Incorporated into the city in 1921, it is one of the most recently built of Rome's quarters.
A rural area in the 1800s, it is now one of Rome's most elegant areas and was home to Emperor Domiziano's wife and her vine yards in ancient times, while during medieval times it was part of the lands under the Pope's control.
After the Unification of Italy it became a residential area for ministers working in Rome. The area was designed to ensure that St. Peter's couldn't be seen from any part of the quarter, and the streets names are all closely linked to the heroes of the Unification of Italy, testimony to the difficult relationship between the new Italian state and the Vatican.
The construction of the area was finished in the mid-fifties. The area is full of wide avenues and liberty style buildings.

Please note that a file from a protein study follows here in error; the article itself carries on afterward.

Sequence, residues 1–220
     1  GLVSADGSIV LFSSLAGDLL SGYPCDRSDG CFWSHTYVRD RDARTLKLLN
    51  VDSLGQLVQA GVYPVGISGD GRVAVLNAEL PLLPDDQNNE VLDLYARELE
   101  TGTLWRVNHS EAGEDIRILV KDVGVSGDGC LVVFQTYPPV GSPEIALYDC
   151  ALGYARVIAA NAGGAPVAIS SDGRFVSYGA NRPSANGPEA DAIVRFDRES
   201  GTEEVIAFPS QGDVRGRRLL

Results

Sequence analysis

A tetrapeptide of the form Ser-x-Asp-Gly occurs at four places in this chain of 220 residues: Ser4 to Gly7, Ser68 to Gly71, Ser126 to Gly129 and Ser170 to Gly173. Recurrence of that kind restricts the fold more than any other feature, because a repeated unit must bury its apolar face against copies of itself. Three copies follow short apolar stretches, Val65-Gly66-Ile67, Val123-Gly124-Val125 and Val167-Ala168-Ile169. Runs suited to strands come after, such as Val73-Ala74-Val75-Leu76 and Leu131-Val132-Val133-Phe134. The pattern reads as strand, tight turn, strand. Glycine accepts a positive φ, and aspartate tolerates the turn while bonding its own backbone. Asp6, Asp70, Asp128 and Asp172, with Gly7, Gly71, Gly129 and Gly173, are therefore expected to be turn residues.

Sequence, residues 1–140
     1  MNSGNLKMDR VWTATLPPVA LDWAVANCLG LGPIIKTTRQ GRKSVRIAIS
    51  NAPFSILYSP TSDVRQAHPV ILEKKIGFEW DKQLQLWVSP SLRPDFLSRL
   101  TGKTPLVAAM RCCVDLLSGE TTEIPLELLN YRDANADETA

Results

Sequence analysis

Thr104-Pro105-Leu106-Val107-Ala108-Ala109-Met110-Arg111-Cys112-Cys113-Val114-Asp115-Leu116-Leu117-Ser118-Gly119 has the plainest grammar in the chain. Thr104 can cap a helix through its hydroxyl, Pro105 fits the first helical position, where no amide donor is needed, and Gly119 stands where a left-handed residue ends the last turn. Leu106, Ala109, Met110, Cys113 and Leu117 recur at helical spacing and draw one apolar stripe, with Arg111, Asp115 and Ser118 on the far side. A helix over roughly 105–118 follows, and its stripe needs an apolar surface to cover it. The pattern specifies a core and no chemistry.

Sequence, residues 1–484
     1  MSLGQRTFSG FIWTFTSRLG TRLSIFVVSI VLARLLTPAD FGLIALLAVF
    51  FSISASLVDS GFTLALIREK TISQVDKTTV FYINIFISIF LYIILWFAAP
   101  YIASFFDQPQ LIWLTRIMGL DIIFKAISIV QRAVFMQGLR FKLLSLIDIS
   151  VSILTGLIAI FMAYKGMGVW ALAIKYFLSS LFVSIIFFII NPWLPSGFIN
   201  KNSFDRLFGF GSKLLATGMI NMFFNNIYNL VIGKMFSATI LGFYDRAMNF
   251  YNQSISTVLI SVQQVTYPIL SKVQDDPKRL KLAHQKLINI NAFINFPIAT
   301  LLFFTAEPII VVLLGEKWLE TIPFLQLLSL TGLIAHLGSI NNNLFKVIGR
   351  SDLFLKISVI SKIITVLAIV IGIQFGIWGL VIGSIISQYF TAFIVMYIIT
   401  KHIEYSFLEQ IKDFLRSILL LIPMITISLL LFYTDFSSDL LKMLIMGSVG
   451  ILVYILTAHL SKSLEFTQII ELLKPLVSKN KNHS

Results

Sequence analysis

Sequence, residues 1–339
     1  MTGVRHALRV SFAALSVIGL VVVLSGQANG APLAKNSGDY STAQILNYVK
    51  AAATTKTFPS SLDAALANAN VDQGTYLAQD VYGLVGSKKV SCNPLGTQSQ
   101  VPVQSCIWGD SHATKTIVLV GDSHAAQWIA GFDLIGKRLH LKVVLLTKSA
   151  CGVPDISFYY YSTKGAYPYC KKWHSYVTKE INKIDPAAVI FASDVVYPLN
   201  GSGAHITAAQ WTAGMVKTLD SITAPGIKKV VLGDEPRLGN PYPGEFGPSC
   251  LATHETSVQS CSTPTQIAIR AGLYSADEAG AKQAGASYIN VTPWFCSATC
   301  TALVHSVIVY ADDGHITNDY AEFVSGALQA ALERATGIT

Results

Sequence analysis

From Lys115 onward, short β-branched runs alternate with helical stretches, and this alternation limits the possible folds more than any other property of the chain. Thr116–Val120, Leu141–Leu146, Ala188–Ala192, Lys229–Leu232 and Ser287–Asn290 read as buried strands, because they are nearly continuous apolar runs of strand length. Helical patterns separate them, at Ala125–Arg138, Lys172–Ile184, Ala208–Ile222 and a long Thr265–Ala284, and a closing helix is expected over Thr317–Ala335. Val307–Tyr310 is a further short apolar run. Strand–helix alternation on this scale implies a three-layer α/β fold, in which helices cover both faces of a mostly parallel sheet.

The theatre opened in 1898 and has hosted major shows such as La Boheme by Puccini and La Gioconda by Ponchielli. Even Buffalo Bill performed his famous show here.
Also known among Romans as the Palazzaccio because of his appearance that is different from the traditional architectural taste of Rome.
Located in Piazza Risorgimento, it was established in 1925 and is home to relics and documents tracing the history of the Carabinieri corps.
Built on the square of the same name to commemorate the deeds of Camillo Benso Conte di Cavour, was built between 1885 and 1895.
This churs is located along the river (Lungotevere) and is famous having been built in the neogothic style, which lead to it being called "Little Milan Cathedral."